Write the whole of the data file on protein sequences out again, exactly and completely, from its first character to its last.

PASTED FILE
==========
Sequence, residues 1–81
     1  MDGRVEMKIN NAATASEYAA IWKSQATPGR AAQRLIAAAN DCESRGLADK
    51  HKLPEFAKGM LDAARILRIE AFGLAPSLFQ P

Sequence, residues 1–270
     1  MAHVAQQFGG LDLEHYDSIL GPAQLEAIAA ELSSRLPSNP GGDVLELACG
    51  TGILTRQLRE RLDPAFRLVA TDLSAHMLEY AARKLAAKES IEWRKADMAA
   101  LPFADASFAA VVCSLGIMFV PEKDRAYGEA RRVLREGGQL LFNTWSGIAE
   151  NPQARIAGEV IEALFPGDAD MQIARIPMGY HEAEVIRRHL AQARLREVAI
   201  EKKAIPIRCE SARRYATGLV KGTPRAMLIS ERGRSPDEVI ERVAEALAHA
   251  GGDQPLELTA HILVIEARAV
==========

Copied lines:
Sequence, residues 1–81
     1  MDGRVEMKIN NAATASEYAA IWKSQATPGR AAQRLIAAAN DCESRGLADK
    51  HKLPEFAKGM LDAARILRIE AFGLAPSLFQ P

Sequence, residues 1–270
     1  MAHVAQQFGG LDLEHYDSIL GPAQLEAIAA ELSSRLPSNP GGDVLELACG
    51  TGILTRQLRE RLDPAFRLVA TDLSAHMLEY AARKLAAKES IEWRKADMAA
   101  LPFADASFAA VVCSLGIMFV PEKDRAYGEA RRVLREGGQL LFNTWSGIAE
   151  NPQARIAGEV IEALFPGDAD MQIARIPMGY HEAEVIRRHL AQARLREVAI
   201  EKKAIPIRCE SARRYATGLV KGTPRAMLIS ERGRSPDEVI ERVAEALAHA
   251  GGDQPLELTA HILVIEARAV